‘Uncut Gems’ Review
It’s debatable whether Uncut Gems should be labeled an indie crime thriller or a ‘Scared Straight’ session for gambling addicts. Benny and Josh Safdie are filmmaking brothers who seem to specialize in adding a frenetic pace to the lives of characters who consistently make bad decisions. Their excellent 2017 film Good Time (starring Robert Pattinson) set the tone for their latest, featuring an Adam Sandler performance unlike anything we’ve previously seen from him.
After a brief prologue at an Ethiopian mine, we are dropped right into Howard’s world. Well, more specifically, we find ourselves on the camera end of Howard Ratner’s colonoscopy, while also seeing the vibrant glow of the rare opal extracted from that opening-scene mine. Remarkably, the colonoscopy may be Howard’s (and our) most relaxing moment of the movie. The character of Howard is based on a guy the Safdie brothers’ dad worked for in the Diamond District when they were growing up. He’s played here by Mr. Sandler, who delivers a performance so memorable that we now can’t imagine anyone else in the role.
Here is what we learn about Howard: he’s arrogant and foolish and energetic and hopeful. He lives life on the edge…or perhaps he’s already tipped. He’s a Jewish jeweler based in inner-city Manhattan, and as the film begins, he owes a lot of money to someone who has hired goons to collect. Howard has an irascible wife Dinah (Idina Menzel, Elsa’s voice in Frozen), who is fed up with his antics…one of which is his employee/mistress Julia (newcomer Julia Fox). Howard has an insatiable gambling addiction and he’s always on the brink of a life-changing big score or a colossal failure that could cost him everything. He’s a hustler who has to move faster each day to prevent the collapse of his house of cards: sports bets, pawns, loans, lies, and empty promises.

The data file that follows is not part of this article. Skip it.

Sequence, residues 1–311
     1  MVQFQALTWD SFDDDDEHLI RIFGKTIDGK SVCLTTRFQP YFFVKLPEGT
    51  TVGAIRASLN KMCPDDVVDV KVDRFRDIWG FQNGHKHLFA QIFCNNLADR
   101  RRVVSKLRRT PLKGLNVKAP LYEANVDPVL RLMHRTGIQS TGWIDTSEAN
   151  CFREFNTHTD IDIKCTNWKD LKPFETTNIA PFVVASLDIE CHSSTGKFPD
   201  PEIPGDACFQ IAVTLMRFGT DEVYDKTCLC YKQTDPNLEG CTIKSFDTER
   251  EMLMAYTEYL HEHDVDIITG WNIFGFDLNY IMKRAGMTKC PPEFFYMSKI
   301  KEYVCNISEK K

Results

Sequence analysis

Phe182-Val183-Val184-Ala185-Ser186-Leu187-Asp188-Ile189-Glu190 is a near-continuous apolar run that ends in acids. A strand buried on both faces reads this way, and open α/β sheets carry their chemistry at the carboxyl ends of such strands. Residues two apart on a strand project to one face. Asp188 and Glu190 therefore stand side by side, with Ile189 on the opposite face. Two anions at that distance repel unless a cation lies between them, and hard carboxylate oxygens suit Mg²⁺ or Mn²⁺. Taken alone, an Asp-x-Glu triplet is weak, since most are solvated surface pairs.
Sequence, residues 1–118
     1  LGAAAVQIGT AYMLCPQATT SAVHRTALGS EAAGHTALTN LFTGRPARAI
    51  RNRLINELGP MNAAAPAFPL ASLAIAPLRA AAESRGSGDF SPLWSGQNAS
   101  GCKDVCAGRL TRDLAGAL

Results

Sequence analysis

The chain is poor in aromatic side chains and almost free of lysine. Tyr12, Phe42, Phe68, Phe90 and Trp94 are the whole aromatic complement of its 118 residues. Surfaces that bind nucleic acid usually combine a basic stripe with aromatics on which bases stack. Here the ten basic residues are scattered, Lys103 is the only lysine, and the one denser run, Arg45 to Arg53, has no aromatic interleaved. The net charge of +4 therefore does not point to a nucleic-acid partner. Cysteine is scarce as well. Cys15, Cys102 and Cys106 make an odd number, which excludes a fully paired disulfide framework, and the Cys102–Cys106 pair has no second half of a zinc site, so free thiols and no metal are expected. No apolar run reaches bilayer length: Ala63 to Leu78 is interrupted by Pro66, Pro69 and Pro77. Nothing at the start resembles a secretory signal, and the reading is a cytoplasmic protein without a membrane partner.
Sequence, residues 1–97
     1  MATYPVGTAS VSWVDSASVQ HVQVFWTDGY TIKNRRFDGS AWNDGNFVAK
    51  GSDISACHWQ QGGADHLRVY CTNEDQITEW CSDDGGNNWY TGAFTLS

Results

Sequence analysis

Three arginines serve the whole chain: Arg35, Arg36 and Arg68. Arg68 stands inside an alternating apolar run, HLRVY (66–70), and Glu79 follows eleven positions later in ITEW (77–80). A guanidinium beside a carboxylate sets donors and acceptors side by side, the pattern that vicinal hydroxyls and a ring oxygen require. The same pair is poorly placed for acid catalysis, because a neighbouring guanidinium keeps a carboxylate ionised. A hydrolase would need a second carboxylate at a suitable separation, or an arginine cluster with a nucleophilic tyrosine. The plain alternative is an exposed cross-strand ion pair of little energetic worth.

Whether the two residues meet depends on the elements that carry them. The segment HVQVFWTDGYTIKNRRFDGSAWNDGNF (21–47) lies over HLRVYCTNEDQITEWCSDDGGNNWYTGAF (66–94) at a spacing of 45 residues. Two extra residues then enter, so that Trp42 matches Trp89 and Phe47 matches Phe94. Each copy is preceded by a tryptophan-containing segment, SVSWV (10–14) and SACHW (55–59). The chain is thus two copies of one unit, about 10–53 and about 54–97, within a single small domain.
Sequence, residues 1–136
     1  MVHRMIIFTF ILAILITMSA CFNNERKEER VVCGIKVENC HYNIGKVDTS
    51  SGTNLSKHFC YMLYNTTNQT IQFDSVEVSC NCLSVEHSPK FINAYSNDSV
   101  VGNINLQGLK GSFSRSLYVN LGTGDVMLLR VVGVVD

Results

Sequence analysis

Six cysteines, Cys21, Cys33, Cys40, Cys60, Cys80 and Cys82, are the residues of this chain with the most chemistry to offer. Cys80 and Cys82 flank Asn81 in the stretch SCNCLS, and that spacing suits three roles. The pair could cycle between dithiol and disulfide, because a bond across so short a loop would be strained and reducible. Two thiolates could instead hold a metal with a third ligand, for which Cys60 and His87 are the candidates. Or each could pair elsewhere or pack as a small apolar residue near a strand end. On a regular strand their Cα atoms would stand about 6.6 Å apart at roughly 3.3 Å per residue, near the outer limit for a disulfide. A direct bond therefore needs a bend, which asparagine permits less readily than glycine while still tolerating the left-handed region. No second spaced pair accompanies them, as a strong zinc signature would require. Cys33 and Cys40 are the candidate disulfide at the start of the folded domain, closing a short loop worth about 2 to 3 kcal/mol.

So if you think you now have a feel for this, I can assure you that you are mistaken. The frenetic pace is relentless to watch. We kind of like Howard, but yet, we want nothing to do with him. His latest scheme involves the expectation that the rare opal will solve his many financial woes. In the meantime, his business associate Demany (LaKeith Stanfield) brings him a high profile client…NBA star Kevin Garnett. The film looks and feels like a gritty 1970’s flick, but it’s based during the 2012 Eastern Conference Finals, and Garnett plays himself (and quite well). Garnett borrows the opal for good luck and that’s when all ‘heck’ breaks loose. Also in play here is Howard’s rotten brother-in-law (Eric Bogosian), to whom he also owes money. Adding even more NYC flavor are Judd Hirsch, John Amos, and sports radio host Mike Francesca, as Howard’s bookie.
Daniel Lopatin (aka Oneohtrix Point Never) provides an electronic score that helps ensure we are never comfortable watching what is unfolding, and cinematographer Darius Khondji (Evita) keeps his camera in constant motion – just like the characters. Production Designer Sam Lisenco creates Howard’s world through the jewelry shop, the house, the apartment, and especially that back office. Set Decorator Kendall Anderson wins a place in my heart for the Pete Maravich poster.
The Safdie brothers co-wrote the script with their editor Ronald Bronstein (who also worked on Good Time), and afterwards you’ll find yourself going back through all the poor choices made by most every character. The brilliantly sustained level of uneasiness includes a segment featuring The Weeknd, and one revolving around a school play for Howard’s daughter. The Safdie style is present throughout, and most conversations are loud and heated and threatening. If you are the type that needs at least one likable character, or a serene environment, or respectful adult conversation, you are out of luck here. Howard is an exhausting character in an exhausting story within an exhausting movie…just as it was intended.